The Bar Council of India (BCI) has moved a plea in the Supreme Court, seeking a direction to the Centre, states and Union Territories to arrange financial assistance, by way of an interest-free loan of up to Rs 3 lakh each, to advocates enrolled with the respective Bar Council. (Bar Council of India vs Union of India & anr).
The plea filed through Advocate SN Bhat urges the Court for directions to the Government authorities so that loans up to Rs 3 lakhs can be given to lawyers "repayable by the advocate concerned at least 12 months after the normal functioning of the courts begins in reasonable installments.". Adding that it has estimated that almost about 25 percent to 30 percent of the enrolled advocates would be in need of immediate financial help.
The BCI filed the writ petition under Article 32 of the Constitution seeking a direction to provide financial assistance including disbursal of soft loans to financially needy advocates enrolled with the various state Bar Councils in view of the unprecedented crisis being faced by a large section of legal practitioners currently. According to the BCI, there are presently about 16 lakh advocates enrolled with the different state Bar Councils in the country.
“COVID-19 has affected all sections of the profession and the younger and junior advocates are hit hardest financially. A large number of them have various commitments to meet apart from keeping their and their family’s body and soul together. The situation of some of them is so grim that it may not be an exaggeration to say that they face virtual starvation and they require urgent and immediate financial aid and succor." reads the petition.
The BCI cited the Disaster Management Act, which provides for meeting contingencies rising during the disaster. "The provisions of the said Act, in particular Section 13, provide for the grant of financial relief including loans on concessional terms to persons affected by the disaster. The government has already taken steps in this regard for giving relief to certain sections of the society including entrepreneurs. In the circumstances, it is necessary that appropriate relief is given to the suffering lawyers also," it said.
The petition notes that a significant section of lawyers has no real savings to fall back on and that they are dependent on the regular functioning of the courts and tribunals for their livelihood.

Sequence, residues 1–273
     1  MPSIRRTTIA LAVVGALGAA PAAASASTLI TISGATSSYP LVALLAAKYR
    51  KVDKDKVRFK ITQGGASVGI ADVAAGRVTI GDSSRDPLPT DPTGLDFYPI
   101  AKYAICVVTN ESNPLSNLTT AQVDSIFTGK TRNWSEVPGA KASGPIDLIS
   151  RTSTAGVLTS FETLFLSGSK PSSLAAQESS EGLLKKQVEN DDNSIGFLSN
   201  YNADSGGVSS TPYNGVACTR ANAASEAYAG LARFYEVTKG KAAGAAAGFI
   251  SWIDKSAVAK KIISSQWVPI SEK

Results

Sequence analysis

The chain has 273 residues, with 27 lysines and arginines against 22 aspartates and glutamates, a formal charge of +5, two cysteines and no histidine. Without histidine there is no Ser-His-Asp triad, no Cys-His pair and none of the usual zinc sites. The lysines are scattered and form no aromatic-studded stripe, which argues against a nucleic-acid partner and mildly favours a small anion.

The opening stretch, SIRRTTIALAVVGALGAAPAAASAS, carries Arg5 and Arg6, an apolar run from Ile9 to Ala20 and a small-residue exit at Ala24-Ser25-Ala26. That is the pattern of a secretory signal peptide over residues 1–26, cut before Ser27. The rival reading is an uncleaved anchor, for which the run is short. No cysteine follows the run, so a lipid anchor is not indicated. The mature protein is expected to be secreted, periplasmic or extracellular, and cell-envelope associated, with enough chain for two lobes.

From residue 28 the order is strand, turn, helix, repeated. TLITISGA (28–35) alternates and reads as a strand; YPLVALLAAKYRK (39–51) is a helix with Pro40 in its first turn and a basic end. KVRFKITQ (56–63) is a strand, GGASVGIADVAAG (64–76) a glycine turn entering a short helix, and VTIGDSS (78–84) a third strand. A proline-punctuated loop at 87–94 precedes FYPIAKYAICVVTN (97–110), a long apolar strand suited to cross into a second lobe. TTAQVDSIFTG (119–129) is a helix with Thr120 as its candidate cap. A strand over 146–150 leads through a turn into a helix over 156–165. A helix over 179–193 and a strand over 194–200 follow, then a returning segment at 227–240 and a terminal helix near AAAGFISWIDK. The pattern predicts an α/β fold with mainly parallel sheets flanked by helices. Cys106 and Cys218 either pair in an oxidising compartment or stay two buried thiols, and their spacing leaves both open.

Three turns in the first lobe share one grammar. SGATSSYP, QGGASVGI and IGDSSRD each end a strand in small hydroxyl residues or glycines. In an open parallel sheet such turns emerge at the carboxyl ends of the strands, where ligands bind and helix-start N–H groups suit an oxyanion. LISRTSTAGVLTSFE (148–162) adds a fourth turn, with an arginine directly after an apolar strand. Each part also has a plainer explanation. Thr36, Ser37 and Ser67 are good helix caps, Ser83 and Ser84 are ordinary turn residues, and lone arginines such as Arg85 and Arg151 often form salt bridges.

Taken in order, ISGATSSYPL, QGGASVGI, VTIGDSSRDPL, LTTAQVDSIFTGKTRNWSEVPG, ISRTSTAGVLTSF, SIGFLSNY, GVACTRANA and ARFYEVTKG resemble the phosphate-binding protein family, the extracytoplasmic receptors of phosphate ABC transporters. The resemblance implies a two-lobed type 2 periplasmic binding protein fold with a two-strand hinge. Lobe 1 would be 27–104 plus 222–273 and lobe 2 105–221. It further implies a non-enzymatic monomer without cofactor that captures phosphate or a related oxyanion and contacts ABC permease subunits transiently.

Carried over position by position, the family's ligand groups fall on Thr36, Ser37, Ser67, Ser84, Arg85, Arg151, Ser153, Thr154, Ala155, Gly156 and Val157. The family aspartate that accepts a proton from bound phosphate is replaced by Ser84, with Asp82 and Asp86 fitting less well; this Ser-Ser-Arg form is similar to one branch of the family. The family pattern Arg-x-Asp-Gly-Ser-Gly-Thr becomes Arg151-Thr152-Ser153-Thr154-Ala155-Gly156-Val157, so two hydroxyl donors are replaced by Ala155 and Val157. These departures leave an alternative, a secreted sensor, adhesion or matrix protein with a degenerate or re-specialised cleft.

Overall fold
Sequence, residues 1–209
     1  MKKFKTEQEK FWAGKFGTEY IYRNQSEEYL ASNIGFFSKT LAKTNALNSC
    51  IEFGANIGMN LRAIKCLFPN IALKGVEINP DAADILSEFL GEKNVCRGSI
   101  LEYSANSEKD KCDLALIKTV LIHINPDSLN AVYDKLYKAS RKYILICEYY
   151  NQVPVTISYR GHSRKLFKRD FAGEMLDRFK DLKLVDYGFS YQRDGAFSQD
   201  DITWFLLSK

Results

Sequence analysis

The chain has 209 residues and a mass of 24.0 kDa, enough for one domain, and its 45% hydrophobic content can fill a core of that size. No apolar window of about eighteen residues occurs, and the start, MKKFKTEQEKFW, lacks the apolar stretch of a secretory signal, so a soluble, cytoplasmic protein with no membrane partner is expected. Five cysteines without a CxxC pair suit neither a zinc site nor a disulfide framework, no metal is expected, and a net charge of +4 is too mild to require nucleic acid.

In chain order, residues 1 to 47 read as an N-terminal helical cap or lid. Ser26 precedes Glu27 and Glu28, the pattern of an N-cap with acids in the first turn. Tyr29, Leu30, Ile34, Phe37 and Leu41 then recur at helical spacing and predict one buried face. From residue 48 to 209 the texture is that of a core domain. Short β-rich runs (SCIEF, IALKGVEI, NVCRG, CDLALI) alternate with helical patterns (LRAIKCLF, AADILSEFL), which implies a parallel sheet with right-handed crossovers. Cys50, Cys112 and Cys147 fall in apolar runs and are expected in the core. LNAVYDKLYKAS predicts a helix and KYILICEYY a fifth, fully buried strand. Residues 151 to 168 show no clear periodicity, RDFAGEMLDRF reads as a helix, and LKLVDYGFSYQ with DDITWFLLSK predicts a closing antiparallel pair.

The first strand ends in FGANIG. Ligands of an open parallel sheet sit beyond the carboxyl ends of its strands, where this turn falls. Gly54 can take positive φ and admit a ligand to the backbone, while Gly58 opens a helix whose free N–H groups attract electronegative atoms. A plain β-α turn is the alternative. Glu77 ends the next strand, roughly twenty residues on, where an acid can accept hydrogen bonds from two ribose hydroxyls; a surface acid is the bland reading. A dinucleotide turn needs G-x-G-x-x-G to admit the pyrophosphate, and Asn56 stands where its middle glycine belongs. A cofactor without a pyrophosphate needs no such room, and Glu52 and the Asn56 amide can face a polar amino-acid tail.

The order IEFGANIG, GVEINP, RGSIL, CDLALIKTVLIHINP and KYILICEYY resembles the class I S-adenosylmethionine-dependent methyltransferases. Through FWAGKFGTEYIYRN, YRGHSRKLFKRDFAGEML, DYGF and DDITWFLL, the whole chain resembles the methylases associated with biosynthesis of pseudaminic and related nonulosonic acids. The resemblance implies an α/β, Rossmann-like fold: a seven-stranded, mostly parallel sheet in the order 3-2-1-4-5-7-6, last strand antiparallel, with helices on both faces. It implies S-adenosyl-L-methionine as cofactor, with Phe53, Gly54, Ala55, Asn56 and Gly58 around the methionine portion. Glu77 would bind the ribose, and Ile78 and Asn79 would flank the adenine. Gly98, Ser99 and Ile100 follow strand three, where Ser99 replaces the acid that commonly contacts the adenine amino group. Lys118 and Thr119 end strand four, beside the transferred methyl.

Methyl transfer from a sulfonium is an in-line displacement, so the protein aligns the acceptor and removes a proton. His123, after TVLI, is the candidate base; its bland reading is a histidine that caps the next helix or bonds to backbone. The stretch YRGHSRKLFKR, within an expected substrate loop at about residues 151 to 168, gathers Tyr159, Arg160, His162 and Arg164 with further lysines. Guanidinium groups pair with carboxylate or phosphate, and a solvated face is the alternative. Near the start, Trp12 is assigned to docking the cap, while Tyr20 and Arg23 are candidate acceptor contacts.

The BCI argued that a significant section is first-generation lawyers, where no other member of the family is in the legal profession. "These advocates are solely dependent on the regular, though meager, income they earn from appearing in different courts and various tribunals as well as before the quasi-judicial authorities. This significant section of lawyers has no real savings to fall back on and they are dependent on the regular functioning of the courts and tribunals for their livelihood," argued the plea.
The BCI goes on to submit that it does not have the funds to help the lawyers in need as it receives "only a fraction of the one-time enrolment fee paid by the advocates at the time of enrolment." It is added that the BCI's funds are barely "sufficient to meet its regular expenses."
It is also pointed out that in many States "the proceeds of the Advocates Welfare Stamp duty collected at the time of filing of the “vakalatnama” in courts go to the coffers of the Governments of the respective States."
Thus, there is a regular contribution made by the advocates to the Government funds while they carry on their practice apart from the various taxes paid like other citizens, the petition notes.
Whereas various State Bar Councils have devised financial assistance schemes for the lawyers enrolled with them, it is stated that these State Bar Councils only have modest funds that are not enough to help the advocates in an effective and meaningful manner. The BCI adds that,
"It is now felt that the assistance schemes formulated by the State Bar Councils are wholly inadequate looking at the enormity of the problem faced by the lawyers due to the closures of the courts and the tribunals since March 2020 and only the partial re-opening of the judicial fora."
Therefore, the BCI has now urged for the intervention of the Supreme Court on the issue so that the Government is directed to financially support the lawyers in need, including by way of interest-free loans up to Rs 3 lakhs.